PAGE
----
“Although they are run down, many still boast high local taxes. Sadly, this forms a vicious cycle of adverse selection, spiraling tax rates, and underfunding. “
ith the nation’s economic outlook being anywhere from ambiguous to rosy depending on whose forecasts one is reading (and some states being surprised to find themselves awash in cash at the end of the pandemic), for some cities, the specter of a fiscal crisis is looming. The chief culprit: outmigration.
Some larger cities have been notably struggling to retain their populations for a while now. Detroit has been hemorrhaging residents for so long it has shown a willingness to pay people to move there. The city’s population is down 1.2 million residents from its peak in 1950. Chicago is another well known example, down about 1 million residents from its peak.
And, for many others, a sustained exodus is an unwelcome throwback to the post-War era during which deindustrialization and the flight of wealthy residents to the suburbs contributed to the degeneration of big cities’ social and economic environments.
Over the last 30 years, that trend has reversed—at least where certain cities are concerned. Between 1950 and 1980, the population of New York City fell by about 800,000 on net. But between 1980 and 2019, the city packed 1.3 million more residents into its five boroughs. Other heavyweight cities of the modern economy, like Boston and San Francisco, follow a similar pattern. Members of the modern bourgeoisie have flooded into urban cores, often paying a premium to do so. Formerly working class neighborhoods have been gentrified to a remarkable degree by this influx.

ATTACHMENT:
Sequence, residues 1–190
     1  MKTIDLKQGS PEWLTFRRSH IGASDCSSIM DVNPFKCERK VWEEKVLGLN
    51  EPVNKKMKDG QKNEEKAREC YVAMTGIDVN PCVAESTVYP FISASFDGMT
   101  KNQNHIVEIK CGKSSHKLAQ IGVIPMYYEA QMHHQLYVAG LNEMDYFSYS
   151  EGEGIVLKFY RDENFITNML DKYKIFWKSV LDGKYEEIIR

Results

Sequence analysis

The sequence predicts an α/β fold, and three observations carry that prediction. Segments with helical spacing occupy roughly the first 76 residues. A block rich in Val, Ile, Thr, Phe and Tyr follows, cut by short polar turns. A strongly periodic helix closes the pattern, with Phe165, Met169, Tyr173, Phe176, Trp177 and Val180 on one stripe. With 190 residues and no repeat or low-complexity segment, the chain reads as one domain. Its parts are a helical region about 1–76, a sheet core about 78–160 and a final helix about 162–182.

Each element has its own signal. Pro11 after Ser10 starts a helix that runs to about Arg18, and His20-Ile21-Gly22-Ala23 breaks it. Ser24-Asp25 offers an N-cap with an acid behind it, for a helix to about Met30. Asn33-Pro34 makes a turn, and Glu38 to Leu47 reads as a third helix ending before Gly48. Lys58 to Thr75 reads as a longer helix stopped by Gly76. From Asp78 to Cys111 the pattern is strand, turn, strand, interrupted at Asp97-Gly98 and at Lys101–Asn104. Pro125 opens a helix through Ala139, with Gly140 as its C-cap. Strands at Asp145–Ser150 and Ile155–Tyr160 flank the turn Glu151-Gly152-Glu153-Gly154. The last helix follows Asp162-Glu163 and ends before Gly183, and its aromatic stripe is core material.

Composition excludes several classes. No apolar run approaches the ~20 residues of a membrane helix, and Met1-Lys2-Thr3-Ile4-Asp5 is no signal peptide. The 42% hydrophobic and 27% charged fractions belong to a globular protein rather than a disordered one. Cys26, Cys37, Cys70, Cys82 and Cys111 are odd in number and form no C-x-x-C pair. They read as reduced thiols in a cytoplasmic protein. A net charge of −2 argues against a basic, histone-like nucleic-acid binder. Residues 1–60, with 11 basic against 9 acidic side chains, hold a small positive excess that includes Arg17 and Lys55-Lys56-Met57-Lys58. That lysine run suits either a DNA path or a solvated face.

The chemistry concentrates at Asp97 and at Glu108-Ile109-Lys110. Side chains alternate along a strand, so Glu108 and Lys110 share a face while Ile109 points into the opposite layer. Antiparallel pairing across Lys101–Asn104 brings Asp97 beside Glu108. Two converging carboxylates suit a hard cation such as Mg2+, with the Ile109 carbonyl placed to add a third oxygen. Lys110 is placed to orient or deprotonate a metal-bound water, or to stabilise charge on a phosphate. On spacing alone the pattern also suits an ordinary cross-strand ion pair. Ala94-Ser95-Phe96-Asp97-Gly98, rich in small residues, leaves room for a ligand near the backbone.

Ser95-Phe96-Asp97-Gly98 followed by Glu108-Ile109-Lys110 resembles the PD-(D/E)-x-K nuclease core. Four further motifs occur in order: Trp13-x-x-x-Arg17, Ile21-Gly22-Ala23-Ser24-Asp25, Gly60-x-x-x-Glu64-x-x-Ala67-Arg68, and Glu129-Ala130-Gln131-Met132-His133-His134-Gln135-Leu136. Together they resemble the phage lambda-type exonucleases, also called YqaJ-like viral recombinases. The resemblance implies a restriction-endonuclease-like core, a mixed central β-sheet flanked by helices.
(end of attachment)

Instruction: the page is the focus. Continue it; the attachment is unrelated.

What gave rise to this wave of re-urbanization? The most tangible factors are, in my view, political sortition, economic opportunity, and a remarkable increase in public safety. We can dispense with the first two relatively easily: Cities give residents novelty, density, and diversity. These are overwhelmingly the preferences of political liberals, who not coincidentally are more likely to have higher levels of education and are thus attracted to (or suited for) the high-skill work that has come to predominate in these urban areas.
The precipitous drop in crime that started in the late 1990s is more complicated. Several theories with varying levels of plausibility have been advanced to explain the occurrence. At the end of the day, we still are not exactly sure what happened. But what we do know is that there was an unpredicted and universal decrease in violent crime from the early 1990s to the mid 2010s. Between 1990 and 2001, homicides, violent crimes, and property crimes fell across cities of all sizes, but the declines were steepest in larger cities, making them not just attractive places for the middle and upper class to work but also to live.
However, when population growth stagnates or reverses, cities are hard-pressed to scale back spending.